“LGB women were the most disadvantaged,” Boehmer says of her outcomes analysis, even despite the fact that “this data was collected at a time when we have seen the benefits of gaining healthcare access and protections,” referring to the passage of the Affordable Care Act and marriage equality.

WHY THE DISPARITY?

Boehmer says LGBT women (and men, for that matter) are more likely to have jobs that do not provide health insurance, and likely face other financial barriers even with insurance coverage, such as not being able to afford copayments that could prevent cancer patients from following up with their physician.

There is also a knowledge gap among oncology providers with respect to LGBT experiences, Boehmer says, which can deter patients from reentering the healthcare system at all. She adds that doctors typically don’t ask patients about their sexual orientation, so the information is either completely left out or it is up to the patient to disclose. This lack of communication about sexual orientation leaves LGBT patients at a disadvantage, since providers are not fully informed about their patients’ needs or values that informs their decision-making and therefore they are not receiving patient-centered care, “which is the goal of delivering high quality care,” she explains.

“To this day, we don’t have sexual orientation data consistently collected,” Boehmer says.

POLITICS PAST AND PRESENT

Boehmer’s friend eventually survived cancer, but many other LGBT women have not. “The breast cancer movement included a lot of lesbian activists who brought attention to this particular issue,” she says.

Audre Lorde, black feminist, lesbian, award-winning poet, and author of The Cancer Journals, was an early advocate for LGBT breast cancer survivors. Just as Boehmer was starting her research, Lorde outlined a political response to breast cancer and demanded political action before dying of cancer in 1992. Boehmer wrote about Lorde’s ideas, and why they are still relevant decades later, in an editorial for LGBT Health in 2016.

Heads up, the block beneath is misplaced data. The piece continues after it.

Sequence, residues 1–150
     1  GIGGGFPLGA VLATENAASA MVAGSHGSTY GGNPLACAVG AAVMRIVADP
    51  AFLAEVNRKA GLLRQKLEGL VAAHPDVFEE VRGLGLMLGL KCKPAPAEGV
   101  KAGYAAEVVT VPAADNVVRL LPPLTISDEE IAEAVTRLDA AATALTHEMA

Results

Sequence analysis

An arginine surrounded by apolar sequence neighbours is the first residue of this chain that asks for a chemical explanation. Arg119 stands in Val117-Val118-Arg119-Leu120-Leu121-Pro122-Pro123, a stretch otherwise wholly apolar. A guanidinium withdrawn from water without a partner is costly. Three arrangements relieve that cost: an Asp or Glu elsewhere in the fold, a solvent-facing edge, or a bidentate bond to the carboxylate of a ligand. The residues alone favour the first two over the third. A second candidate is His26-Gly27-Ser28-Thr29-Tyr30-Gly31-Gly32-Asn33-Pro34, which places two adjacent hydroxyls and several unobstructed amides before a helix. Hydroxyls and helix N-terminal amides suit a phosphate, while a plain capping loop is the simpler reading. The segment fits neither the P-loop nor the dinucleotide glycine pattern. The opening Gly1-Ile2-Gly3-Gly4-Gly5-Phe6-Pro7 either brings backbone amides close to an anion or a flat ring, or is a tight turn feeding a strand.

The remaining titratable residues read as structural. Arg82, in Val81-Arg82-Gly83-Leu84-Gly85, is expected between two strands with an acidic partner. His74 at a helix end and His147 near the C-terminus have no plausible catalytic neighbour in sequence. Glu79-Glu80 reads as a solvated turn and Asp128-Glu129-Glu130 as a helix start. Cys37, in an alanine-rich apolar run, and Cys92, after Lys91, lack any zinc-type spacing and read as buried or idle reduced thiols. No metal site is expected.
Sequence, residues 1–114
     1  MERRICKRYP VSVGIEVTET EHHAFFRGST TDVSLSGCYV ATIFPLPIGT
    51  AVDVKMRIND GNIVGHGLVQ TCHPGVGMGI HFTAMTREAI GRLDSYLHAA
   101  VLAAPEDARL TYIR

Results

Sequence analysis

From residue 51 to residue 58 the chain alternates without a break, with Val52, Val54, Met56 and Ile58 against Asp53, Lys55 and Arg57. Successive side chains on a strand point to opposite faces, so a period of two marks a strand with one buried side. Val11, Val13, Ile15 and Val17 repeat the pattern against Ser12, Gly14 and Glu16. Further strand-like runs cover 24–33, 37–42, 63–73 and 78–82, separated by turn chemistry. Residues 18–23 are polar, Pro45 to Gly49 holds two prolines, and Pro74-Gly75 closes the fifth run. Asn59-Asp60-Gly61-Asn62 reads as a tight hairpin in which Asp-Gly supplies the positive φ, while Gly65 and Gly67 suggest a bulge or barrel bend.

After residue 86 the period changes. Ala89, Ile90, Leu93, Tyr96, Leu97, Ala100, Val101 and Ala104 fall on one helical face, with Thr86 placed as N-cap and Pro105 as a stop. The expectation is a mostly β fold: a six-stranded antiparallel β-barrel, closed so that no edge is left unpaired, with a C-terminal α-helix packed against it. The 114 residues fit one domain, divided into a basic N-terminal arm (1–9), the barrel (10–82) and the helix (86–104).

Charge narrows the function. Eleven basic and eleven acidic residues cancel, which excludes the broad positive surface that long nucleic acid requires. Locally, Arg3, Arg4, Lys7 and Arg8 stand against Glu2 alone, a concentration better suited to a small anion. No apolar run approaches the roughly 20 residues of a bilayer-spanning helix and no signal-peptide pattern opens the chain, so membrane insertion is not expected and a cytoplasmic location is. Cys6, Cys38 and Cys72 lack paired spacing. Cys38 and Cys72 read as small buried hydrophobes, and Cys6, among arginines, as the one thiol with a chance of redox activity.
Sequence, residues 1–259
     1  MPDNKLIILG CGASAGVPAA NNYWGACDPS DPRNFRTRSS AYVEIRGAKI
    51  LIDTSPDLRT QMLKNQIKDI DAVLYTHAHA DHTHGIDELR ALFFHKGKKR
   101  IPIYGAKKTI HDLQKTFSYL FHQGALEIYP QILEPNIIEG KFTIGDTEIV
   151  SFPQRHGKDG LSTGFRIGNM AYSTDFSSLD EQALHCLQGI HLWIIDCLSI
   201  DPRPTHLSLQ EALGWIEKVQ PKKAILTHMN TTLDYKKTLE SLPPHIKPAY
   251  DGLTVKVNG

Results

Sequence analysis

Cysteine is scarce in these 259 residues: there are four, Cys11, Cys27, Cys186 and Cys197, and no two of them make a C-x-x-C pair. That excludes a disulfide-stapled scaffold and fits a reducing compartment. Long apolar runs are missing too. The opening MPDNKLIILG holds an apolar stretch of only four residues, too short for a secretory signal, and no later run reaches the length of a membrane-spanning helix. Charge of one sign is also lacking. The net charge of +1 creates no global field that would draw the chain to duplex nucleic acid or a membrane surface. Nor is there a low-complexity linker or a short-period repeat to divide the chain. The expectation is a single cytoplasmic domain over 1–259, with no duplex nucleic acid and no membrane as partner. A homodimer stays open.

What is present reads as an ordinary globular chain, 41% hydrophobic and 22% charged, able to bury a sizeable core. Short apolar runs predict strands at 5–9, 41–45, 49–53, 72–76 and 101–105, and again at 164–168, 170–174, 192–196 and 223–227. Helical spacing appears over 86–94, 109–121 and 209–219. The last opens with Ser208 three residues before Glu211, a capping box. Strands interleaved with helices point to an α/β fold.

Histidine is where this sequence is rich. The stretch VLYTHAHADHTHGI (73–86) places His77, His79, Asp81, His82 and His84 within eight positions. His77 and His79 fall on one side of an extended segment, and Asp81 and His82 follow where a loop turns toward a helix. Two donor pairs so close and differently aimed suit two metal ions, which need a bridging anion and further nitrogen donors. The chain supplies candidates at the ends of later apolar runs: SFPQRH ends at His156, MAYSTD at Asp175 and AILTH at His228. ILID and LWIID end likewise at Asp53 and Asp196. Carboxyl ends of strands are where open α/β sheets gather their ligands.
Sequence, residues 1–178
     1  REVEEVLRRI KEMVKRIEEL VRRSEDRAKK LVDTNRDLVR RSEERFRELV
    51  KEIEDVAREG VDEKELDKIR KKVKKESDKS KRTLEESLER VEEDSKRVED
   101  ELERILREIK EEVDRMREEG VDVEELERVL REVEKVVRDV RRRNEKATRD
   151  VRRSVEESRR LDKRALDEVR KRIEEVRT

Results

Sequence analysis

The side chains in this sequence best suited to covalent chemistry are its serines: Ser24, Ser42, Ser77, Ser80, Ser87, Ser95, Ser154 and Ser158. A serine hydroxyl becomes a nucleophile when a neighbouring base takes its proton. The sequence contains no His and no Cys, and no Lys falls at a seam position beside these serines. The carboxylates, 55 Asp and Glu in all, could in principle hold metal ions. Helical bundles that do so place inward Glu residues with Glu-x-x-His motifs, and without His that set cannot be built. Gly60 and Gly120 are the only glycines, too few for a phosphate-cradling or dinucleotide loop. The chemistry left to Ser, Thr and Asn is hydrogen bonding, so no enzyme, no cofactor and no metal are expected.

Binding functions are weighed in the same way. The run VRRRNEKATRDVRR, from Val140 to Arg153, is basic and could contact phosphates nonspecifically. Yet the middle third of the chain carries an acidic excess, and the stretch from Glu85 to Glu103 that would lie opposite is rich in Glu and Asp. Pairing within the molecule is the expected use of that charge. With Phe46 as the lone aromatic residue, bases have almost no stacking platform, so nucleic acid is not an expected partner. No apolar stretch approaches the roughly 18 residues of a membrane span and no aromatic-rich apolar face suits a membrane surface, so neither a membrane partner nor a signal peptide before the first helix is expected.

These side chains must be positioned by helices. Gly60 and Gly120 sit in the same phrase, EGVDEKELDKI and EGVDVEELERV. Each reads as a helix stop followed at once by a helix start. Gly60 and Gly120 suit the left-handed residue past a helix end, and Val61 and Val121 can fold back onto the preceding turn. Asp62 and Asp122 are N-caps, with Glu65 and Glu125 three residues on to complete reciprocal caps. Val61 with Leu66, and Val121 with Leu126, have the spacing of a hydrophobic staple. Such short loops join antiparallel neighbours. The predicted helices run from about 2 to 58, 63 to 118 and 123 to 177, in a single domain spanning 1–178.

Although the amount of national health data that includes sexual orientation has marginally improved over the last two decades, Boehmer says, in many ways the US is now going backwards on the issue. Barriers to care for LGBT people are being made even worse by health policies that support the idea that clinicians should be able to refuse to treat on the basis of religion.

“This might make it even harder for LGBT people to feel comfortable in the healthcare system if it is possible for doctors [not to treat] LGBT individuals due to a religious belief,” she says.

The Trump administration has also tried to scale back data collection that includes individuals’ sexual orientation and gender identity.

“We need data to show what’s going on with respect to cancer rates and cancer mortality for the LGBT community,” Boehmer says. “We have a growing evidence base that there is a high rate of breast cancer among lesbian and bisexual women and high rates of cancer among gay and bisexual men.”

How concerned is she about the lack of data? “There might be an epidemic going on that we’re not aware of,” she says.